Klaus (2019) Netflix Movie Review

Klaus is a 2019 animated Christmas comedy film written and directed by Sergio Pablos in his directorial debut, produced by Sergio Pablos Animation Studios with support from Aniventure and distributed by Netflix as its first original animated feature. Co-written by Zach Lewis and Jim Mahoney, the film stars Jason Schwartzman, J. K. Simmons, Rashida Jones and Joan Cusack. Serving as a fictional origin story to the myth of Santa Claus, the plot revolves around a postman stationed in a town to the North who befriends a reclusive toy-maker (Klaus).

Plot

Jesper (Schwartzman) comes from a wealthy family in the postal business, and is a selfish brat with no life ambitions whatsoever. When Jesper’s father puts him in the royal postal academy in an attempt to teach him that hard work pays and being from a rich family is not a shoo in to wealth, he deliberately distinguishes himself to be the academy’s worst student, and so his father comes up with another plan to teach him a lesson: he is stationed on a frozen island above the Arctic Circle by his father, with the ultimatum that if he doesn’t post 6,000 letters in a year, he will be cut off from the family.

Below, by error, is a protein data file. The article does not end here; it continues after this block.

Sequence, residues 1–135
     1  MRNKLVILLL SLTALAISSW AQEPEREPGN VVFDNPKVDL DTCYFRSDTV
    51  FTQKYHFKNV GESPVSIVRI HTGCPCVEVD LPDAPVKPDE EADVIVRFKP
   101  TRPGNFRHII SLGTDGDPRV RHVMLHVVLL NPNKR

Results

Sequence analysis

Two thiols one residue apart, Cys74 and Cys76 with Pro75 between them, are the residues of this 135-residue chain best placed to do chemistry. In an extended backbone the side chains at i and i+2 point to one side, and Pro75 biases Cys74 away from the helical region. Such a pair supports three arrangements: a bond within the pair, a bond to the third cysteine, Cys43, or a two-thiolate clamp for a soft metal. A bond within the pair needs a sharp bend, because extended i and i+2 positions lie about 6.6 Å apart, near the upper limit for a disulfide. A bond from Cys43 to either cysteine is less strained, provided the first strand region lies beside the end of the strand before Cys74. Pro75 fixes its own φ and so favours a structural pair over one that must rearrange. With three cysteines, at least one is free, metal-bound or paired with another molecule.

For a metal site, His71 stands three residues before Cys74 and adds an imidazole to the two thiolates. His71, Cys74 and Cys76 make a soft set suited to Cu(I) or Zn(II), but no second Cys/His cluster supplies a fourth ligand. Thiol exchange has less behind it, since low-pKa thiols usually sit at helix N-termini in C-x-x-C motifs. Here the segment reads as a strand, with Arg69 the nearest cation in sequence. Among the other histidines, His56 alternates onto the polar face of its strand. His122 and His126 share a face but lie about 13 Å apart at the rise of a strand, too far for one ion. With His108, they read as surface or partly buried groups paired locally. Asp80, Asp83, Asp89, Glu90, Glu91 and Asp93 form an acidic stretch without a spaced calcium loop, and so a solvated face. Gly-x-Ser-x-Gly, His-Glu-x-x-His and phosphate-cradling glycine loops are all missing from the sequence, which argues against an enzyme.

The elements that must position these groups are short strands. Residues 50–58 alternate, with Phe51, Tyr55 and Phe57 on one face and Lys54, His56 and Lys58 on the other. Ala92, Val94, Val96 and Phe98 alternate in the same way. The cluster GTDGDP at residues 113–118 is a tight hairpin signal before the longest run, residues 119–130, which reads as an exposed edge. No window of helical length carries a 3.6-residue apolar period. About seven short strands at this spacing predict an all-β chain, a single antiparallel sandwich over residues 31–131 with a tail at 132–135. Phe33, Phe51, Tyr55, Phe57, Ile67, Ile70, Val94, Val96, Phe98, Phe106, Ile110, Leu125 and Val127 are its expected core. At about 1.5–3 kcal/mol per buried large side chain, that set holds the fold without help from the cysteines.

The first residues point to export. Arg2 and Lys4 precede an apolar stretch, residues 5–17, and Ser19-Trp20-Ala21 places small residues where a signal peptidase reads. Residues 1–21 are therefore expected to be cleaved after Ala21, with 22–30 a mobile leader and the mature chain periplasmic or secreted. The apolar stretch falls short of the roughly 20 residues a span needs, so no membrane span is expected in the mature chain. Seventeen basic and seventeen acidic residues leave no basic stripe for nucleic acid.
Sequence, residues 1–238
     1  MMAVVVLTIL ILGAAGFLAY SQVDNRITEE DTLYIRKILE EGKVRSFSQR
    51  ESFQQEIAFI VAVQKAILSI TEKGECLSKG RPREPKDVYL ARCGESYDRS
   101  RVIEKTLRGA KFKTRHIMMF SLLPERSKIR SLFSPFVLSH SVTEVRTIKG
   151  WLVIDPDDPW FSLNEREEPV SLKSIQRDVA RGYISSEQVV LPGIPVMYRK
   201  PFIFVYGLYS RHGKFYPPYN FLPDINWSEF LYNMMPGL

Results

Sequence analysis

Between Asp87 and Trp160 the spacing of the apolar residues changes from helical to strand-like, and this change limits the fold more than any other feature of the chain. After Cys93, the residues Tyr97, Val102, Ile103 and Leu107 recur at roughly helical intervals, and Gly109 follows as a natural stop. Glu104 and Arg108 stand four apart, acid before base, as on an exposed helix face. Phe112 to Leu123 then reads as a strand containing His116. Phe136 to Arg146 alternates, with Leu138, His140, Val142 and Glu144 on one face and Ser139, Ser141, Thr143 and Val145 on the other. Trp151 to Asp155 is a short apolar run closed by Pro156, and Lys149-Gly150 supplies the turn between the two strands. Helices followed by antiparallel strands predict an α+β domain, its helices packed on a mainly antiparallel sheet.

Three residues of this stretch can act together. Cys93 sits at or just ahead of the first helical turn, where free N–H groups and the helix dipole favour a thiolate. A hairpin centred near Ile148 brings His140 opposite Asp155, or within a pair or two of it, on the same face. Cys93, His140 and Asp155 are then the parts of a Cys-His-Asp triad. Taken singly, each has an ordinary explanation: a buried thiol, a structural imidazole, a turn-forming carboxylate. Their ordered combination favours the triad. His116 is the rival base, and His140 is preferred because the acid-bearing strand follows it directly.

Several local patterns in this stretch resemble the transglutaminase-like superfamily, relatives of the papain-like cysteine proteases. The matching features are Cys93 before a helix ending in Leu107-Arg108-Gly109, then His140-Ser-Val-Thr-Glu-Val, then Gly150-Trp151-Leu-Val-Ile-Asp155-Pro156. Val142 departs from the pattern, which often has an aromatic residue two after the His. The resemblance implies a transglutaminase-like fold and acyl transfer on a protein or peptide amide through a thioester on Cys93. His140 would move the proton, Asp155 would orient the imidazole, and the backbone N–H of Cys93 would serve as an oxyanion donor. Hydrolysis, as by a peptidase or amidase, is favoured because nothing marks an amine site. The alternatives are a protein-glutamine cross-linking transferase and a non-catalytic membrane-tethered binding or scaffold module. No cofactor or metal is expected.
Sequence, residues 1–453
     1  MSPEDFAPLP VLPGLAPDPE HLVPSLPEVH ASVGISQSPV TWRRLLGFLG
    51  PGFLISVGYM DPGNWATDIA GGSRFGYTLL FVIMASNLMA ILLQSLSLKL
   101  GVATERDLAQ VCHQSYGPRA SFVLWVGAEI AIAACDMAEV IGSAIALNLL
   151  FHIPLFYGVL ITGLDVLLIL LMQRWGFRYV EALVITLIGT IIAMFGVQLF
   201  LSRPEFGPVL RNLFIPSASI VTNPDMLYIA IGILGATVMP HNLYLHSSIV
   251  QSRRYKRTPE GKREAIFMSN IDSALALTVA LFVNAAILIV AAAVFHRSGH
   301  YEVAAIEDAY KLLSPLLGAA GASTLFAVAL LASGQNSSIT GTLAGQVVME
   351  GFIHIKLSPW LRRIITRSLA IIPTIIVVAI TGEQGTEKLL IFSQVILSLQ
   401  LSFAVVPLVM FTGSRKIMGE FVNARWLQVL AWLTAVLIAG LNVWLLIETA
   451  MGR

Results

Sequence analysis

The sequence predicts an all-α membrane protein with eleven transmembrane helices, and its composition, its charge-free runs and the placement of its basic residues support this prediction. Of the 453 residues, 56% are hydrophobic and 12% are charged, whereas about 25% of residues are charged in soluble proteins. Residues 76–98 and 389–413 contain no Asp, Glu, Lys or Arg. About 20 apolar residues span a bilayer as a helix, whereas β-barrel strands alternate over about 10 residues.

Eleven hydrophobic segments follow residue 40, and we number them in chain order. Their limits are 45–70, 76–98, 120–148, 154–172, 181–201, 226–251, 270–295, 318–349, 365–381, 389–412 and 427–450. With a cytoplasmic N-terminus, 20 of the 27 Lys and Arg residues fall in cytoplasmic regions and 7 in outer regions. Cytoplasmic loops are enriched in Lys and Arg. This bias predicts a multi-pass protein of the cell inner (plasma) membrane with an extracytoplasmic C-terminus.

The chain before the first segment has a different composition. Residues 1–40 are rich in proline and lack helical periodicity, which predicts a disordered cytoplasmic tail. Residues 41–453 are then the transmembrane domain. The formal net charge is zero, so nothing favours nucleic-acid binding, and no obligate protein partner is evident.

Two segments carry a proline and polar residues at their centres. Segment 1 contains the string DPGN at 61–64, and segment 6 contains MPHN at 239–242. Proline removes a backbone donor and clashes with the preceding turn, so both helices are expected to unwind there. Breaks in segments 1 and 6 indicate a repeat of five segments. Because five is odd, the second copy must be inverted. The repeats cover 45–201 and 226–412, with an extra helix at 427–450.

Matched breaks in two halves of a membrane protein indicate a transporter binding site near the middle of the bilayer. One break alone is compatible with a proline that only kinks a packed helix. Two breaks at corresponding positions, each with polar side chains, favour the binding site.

He gets into the island’s town of Smeerensburg and is shown around by a sarcastic ferry boat skipper who tricks him into ringing a bell to start the reception, instead revealing that the town inhabitants hardly exchange words let alone letters; they are divided, feuding locals filled with anger, bitterness, hatred and animosity. Trying desperately to come up with a way to get the town locals to send letters, he notices on the map in his office a far off little establishment. Investigating, he finds a woodsman named Klaus (Simmons), with a skill of woodworking and a house with lots of handmade toys.